WASHINGTON, DC – Southwest Airlines executives were on the hot seat Thursday, facing criticism from senators at a hearing on Capitol Hill.

“So why did this happen? Let me be clear. We messed up,” Southwest Airlines Chief Operating Officer Andrew Watterson said.

Watterson didn’t mince words, blaming the airline for all the trouble.

“I want to sincerely and humbly apologize to those impacted by the disruption,” he said.

Watterson told the Senate Commerce Committee that failures with Southwest’s systems and infrastructure during the winter storm crippled the airline, leading to a cascade of more than 16,000 flight cancellations.

“Ultimately, none of this is an excuse,” he said. “We need to make sure our operation resiliency and technology are strengthened for future extreme weather events, no matter how unprecedented.”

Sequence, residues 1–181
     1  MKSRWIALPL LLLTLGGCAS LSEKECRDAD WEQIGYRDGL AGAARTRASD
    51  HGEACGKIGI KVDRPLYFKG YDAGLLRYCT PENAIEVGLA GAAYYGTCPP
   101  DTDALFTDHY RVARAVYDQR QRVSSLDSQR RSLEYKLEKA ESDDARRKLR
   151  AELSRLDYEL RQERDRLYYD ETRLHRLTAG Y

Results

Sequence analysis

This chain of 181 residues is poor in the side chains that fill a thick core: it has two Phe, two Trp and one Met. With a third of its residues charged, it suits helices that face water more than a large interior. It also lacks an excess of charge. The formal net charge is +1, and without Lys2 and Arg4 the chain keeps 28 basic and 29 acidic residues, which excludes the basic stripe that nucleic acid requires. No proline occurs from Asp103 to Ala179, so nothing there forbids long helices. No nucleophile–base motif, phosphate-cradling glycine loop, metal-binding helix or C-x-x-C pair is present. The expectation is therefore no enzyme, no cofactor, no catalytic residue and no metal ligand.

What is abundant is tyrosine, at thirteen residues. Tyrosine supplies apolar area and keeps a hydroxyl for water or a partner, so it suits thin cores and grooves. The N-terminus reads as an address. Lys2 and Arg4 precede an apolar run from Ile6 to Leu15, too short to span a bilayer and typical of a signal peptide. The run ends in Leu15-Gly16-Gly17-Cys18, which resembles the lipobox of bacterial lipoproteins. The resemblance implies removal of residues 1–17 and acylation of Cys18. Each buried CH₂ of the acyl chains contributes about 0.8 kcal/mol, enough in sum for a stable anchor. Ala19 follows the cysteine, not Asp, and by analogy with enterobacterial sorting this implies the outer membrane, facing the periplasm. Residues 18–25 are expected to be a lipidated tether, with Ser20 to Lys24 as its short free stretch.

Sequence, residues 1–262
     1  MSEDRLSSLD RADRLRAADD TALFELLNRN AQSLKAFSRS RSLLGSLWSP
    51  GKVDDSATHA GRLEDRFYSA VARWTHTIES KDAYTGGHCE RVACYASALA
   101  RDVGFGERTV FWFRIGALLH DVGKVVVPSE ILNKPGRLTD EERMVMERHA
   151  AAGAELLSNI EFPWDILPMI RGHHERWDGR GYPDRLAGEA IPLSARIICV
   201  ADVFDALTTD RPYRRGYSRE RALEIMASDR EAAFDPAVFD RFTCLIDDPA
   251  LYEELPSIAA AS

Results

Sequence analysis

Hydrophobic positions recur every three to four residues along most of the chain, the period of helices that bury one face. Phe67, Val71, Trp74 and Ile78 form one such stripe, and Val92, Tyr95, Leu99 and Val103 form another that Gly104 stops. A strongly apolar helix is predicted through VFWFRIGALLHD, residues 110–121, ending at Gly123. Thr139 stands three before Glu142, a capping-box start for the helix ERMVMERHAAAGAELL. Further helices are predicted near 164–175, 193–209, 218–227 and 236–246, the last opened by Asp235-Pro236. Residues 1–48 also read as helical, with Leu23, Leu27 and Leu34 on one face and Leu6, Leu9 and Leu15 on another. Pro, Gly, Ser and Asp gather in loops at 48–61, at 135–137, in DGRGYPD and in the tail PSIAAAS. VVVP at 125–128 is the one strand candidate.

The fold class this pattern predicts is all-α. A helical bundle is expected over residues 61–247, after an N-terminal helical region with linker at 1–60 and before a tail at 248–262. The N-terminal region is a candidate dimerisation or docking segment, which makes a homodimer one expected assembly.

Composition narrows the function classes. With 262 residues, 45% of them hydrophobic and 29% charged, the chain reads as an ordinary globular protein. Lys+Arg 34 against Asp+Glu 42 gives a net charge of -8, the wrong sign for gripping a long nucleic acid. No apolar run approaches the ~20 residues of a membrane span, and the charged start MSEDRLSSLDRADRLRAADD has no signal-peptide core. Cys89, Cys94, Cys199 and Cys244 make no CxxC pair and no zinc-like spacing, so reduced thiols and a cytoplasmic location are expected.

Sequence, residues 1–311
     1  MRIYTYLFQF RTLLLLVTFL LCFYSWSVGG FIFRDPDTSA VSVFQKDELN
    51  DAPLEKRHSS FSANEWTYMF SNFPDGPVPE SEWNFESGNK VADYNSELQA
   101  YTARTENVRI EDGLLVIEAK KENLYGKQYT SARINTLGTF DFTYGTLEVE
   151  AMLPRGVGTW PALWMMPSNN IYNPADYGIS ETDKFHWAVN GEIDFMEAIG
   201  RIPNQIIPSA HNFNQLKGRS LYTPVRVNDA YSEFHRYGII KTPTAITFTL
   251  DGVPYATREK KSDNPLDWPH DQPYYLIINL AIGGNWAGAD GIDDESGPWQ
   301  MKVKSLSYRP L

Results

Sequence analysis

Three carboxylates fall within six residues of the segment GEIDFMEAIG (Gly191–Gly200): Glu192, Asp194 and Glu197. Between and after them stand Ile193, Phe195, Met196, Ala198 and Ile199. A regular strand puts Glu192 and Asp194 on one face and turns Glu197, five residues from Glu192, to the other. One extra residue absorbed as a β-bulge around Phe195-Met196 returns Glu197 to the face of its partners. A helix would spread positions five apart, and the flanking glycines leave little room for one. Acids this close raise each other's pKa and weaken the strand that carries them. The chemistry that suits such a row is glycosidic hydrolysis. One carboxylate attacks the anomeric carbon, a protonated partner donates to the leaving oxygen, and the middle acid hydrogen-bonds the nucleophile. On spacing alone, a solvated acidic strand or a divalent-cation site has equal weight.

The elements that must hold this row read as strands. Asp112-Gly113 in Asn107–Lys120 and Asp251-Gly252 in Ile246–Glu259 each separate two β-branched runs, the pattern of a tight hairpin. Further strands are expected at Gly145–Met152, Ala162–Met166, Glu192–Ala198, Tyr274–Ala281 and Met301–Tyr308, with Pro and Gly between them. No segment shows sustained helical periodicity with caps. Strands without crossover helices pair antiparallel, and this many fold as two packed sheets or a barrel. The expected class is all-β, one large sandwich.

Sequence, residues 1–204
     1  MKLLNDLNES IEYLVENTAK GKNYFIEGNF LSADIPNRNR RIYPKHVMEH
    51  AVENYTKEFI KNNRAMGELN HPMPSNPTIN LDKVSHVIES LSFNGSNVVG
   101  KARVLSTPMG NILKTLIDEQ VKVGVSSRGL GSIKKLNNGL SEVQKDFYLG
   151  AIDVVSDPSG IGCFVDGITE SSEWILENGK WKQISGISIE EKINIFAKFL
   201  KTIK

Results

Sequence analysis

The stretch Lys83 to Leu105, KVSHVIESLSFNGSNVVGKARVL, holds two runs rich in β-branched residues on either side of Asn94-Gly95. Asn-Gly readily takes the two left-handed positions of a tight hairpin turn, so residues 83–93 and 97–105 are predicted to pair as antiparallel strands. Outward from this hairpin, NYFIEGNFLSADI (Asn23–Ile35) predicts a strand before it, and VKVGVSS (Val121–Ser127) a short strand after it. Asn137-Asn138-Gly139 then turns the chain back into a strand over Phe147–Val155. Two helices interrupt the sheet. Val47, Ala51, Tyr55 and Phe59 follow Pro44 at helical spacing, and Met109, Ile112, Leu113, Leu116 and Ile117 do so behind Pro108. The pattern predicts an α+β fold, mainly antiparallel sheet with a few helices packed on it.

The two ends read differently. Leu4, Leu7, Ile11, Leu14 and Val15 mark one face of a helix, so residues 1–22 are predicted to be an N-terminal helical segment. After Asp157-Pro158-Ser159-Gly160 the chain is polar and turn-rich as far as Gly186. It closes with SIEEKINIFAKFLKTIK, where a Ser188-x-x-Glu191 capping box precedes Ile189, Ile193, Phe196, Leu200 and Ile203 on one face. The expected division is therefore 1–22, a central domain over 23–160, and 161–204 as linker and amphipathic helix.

“Good service costs money and bad service saves money,” said Paul Hudson, president of Flyers’ Rights, the largest airline passenger advocacy organization.

“Because US airlines are not required to pay delay compensation for domestic flights, unlike for international air travel, Southwest avoided more than half-a-billion dollars in delay expenses.”

Illinois Senator Tammy Duckworth was among the lawmakers questioning Southwest executives, saying, “We must crack down on carriers that have gotten away with predatory practices that treat customers like suckers and view passengers with disabilities as disposable.”

Watterson told the committee that fixes to the scheduling system that caused December’s failure will go live Friday, as the airline continues to reimburse passenger claims and return lost bags.

“We’re intensely focused on reducing the risk of repeating the operational disruption we had in December and repairing the trust our company’s had and earned over our 52-year history,” he said.